Amazon Elastic Container Service (Amazon ECS) is a fully managed container orchestration service that enables you to run Docker-based containers, and Amazon Elastic Kubernetes Service (Amazon EKS) enables you to run Docker-based containers that are built using Kubernetes. Using container technologies such as those provided by Amazon ECS and Amazon EKS can help you to improve the utilization of your compute infrastructure by allowing you to efficiently pack many game server processes or other game application instances into an EC2 instance. The use of containers can also improve developer productivity by enabling applications to be hosted using the same Docker image operating runtime that is used by developers on their local machines during development. You can further reduce operational overhead by using AWS Fargate, which is a serverless compute platform for running containers and is compatible with both Amazon EKS and Amazon ECS. Fargate is best suited for use cases where you want to run game servers in containers without responsibility for operating the underlying instances that the containers run on.

AWS Outposts allows you to run AWS services in any data center or on-premises facility, which can enable games to run in on-premises environments and AWS using the same services to support a hybrid cloud adoption strategy. AWS Local Zones serve as extensions of AWS Regions to allow you to run your game servers and other latency-sensitive workloads closer to your players or development teams. Additionally, to reduce global network latency for your game servers, AWS Global Accelerator can be used to improve performance for player traffic to your game servers.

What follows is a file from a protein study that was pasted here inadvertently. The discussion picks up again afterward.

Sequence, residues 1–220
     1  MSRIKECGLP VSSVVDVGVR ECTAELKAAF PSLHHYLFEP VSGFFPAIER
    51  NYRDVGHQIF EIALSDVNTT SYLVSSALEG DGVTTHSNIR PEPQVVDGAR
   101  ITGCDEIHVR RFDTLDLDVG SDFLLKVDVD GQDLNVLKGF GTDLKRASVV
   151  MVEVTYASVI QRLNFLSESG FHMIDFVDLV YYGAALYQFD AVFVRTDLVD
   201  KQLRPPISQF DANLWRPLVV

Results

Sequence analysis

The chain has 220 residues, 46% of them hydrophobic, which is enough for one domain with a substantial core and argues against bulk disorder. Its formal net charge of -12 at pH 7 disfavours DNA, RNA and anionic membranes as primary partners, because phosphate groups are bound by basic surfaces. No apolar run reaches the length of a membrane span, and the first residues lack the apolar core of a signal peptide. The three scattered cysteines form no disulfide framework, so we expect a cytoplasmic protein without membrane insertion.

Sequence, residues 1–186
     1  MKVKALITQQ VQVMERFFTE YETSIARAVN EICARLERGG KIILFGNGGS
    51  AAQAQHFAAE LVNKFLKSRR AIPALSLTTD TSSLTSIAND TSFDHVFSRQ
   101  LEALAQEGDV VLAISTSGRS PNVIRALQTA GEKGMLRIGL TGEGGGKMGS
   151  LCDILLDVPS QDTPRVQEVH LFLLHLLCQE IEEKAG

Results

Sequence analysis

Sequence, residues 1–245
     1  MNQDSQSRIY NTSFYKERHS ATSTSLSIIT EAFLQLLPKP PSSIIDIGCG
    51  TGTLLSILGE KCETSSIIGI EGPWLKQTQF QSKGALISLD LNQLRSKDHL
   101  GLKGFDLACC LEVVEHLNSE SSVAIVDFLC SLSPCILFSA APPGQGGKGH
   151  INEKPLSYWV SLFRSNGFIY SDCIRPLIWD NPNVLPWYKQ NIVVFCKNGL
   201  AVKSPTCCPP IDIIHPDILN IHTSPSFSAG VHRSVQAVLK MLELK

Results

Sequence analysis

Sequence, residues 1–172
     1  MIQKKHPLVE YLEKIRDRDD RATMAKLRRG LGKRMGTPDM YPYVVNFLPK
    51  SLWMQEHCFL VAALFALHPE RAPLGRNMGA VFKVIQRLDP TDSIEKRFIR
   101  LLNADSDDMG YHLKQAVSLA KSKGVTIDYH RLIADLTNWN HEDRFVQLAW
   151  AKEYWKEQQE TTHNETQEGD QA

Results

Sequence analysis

AWS Lambda is a serverless compute service that allows you to run code without provisioning or managing servers and is useful for asynchronous game server use cases, such as turn-based games. Lambda is also well suited for games with lightweight compute requirements, a small codebase, and where gameplay functionality can be designed using a stateless microservices architecture. Lambda functions run on an event-driven per-request basis, rather than running as part of a long-running game server process. Lambda provides the most runtime abstraction of the options described in this paper because the underlying application is provided out-of-the-box for developers to choose from to host their code.

When selecting your approach for game server hosting, you need to consider various requirements including operational overhead, legacy codebases, performance requirements, and scale. Amazon EC2 instances and containers are good options for legacy codebases, as they require the smallest amount of change to move to the cloud. EC2 instances also allow you to dedicate all the resources of a compute instance, while containers can make management and high utilization easier to achieve. Serverless functions offer the highest level of abstraction and allow you to define code that only runs in response to events, which can reduce costs.